Future of Learning Top Reads for week of Oct 7 2019

“Does Work Experience Even Matter?” by David Burkus

“Job experience has most often been used as a proxy for measuring knowledge, skills, and abilities. But that proxy only works when employees acquire diverse sets of experiences, develop wide-ranging sets of skills, and grow in their abilities. If they merely repeat the same tasks and those projects never stretch their abilities or require gaining new knowledge, then the number of years spent on that job aren’t all that important. […]

“Some people have 10 years of experience and others have 1 years of experience repeated 10 times.”

Why does this matter to the future of learning?

You probably won’t find your best teachers coming to you from education departments or from other schools.

A complementary insight: Talent is everywhere, if you have the eyes to see it.

Once you know how to identify talent (especially by looking in non-obvious places), then you should design your recruitment, hiring, development, and promotion strategies accordingly.

You define nearly all of your culture through the people whom you hire and promote, or fire.

And culture = strategy.


“The Endless Pursuit of Harvard,” by Jeff Selingo

“Here's what admissions officers and high-school counselors say they can imagine happening…

  • Colleges offering applicants first priority for housing or special scholarships if they apply early decision (a binding decision).

  • Offering more money in May, June, and July to students who were accepted but didn’t enroll.

  • Sending messages to first-year undergraduates who enrolled elsewhere. Imagine a college freshman getting this message over winter break: ‘If you’re not happy at the University of X, we still have a spot for you.’”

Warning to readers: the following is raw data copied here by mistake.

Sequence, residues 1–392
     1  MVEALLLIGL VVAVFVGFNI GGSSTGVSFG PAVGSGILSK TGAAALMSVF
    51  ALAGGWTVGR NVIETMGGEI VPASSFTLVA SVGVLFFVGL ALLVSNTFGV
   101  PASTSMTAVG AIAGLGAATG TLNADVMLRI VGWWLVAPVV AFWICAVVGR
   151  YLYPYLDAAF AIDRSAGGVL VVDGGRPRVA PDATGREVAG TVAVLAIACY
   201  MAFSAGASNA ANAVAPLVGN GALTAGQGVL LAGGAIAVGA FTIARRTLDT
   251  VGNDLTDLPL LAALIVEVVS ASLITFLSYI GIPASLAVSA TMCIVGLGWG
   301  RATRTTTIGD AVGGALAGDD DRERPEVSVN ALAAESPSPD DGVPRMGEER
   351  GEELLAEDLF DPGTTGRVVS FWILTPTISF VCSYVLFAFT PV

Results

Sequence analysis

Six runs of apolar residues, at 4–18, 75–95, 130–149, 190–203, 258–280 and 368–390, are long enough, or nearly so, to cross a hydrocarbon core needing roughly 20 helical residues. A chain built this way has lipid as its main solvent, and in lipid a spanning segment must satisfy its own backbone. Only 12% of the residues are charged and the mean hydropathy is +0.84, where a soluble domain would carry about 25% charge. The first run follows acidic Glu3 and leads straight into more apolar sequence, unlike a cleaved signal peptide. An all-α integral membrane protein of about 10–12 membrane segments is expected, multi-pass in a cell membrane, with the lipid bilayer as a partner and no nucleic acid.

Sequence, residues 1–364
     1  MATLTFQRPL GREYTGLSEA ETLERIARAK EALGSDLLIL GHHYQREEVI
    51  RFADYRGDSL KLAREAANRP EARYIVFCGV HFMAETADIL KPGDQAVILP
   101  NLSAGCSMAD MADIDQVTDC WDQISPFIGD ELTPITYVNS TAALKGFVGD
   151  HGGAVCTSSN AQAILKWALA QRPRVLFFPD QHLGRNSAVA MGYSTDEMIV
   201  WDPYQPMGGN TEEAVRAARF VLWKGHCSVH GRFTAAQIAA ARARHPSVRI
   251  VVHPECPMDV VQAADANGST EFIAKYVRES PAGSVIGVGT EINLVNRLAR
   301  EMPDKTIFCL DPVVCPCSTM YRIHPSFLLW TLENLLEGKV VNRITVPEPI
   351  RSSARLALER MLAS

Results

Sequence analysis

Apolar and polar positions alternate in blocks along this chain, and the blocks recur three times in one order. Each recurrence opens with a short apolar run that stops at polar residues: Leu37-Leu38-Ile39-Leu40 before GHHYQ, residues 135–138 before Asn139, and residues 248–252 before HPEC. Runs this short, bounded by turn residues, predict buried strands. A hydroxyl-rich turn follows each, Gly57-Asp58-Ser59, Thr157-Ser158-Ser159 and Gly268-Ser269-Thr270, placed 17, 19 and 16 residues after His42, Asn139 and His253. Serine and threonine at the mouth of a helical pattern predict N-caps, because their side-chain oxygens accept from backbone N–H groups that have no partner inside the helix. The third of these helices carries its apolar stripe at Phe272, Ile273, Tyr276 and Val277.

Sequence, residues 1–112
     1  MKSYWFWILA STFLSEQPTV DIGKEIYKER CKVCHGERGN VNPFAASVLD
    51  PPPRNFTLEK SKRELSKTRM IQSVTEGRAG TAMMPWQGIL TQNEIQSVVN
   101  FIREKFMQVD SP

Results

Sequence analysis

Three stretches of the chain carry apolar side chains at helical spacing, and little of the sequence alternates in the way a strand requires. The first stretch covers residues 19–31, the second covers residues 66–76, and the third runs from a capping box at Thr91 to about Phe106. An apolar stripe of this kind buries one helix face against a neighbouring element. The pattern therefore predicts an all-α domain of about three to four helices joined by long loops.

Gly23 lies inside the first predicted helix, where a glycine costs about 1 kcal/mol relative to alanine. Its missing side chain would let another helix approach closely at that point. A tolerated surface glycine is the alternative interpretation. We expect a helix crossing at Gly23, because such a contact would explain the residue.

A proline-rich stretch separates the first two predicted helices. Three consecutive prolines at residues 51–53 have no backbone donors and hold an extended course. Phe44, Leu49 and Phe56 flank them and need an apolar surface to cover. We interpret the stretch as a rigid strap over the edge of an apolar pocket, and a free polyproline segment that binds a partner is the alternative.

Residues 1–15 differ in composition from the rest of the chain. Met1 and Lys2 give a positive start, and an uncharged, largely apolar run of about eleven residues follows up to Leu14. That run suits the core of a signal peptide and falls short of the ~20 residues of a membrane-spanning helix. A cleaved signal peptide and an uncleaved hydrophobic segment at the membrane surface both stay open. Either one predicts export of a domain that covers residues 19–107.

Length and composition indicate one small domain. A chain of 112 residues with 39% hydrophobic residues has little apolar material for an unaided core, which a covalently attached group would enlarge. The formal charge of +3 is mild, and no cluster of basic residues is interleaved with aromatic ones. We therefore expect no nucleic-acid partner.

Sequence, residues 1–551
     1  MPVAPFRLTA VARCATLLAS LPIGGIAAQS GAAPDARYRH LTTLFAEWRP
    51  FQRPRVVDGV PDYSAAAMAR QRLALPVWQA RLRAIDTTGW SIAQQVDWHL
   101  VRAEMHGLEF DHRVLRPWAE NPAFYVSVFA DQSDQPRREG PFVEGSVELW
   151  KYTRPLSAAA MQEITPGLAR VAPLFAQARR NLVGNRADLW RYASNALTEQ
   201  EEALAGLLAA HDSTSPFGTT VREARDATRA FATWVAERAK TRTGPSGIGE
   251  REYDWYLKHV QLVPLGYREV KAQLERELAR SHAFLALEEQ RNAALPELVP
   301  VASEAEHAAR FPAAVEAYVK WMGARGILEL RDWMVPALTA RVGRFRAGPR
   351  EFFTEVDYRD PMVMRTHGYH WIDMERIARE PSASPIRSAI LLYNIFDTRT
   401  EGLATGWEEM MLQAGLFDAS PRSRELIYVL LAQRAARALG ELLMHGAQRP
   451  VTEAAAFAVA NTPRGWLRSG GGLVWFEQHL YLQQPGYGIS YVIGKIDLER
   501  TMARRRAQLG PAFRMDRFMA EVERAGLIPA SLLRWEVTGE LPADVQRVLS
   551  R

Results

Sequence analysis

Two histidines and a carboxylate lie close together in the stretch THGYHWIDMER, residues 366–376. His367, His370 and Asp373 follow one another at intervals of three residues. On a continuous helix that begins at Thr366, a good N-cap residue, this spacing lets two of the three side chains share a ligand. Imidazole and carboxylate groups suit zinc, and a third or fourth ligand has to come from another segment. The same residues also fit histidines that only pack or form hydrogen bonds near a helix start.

Why does this matter to the future of learning?

The college admissions game just got more stressful.

Low-income families “have nowhere to turn and could be vulnerable to accepting a bad deal.”

Middle-income families may “come to like this if they get more money in post-May 1 offers. But I also know students and families are exhausted by the college search. They want it to eventually end. This could stretch it well into the summer after high-school graduation.”

And affluent families now have one more reason to ratchet up the stress on their kids to craft the perfect resume prior to the start of senior year.


“Author discusses his new book speculating on alternative models of higher education,” by Scott Jaschik, in Inside Higher Ed

“ ‘Interface University’ is, I think, the most necessary and pressing organizational form of the future university. […] Interface University would be the institution where human and artificial intelligence learns to think together, to achieve the state of interface. Interface University would be the institution that generates the knowledge produced by the interaction and human and artificial intelligence. […]

“I also rather like the idea of ‘Polymath University.’ In this model, as a condition for graduation, students must major in three disparate disciplines. So, a student could not major in history, English and philosophy, or accounting, finance and business administration. Instead, a student would be required to major in, say, philosophy, sociology and finance, or accounting, history and design. There is some interesting literature on students who double major in such nonadjacent subjects, and the kinds of creative, innovative thinkers they become. A student who triple majors in widely divergent subjects would develop a supple and complex mind.”

Why does this matter to the future of learning?

Organizational form should emerge naturally from essential questions, which we call the Order of Operations:

  1. What is your mission? (What is your timeless reason for existence? What is, in in fact, your license to exist?)

  2. What is your vision? (What is your timely picture of success? What would it look like for your mission to meet today’s and tomorrow’s deepest needs?)

  3. What is your culture? (What value-driven behaviors characterize the way that each person in your organization will bring the vision to life?)

Once your community is clear on those things, a new approach to organizational form can be a game-changer.


Question of the week:



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Christian Talbot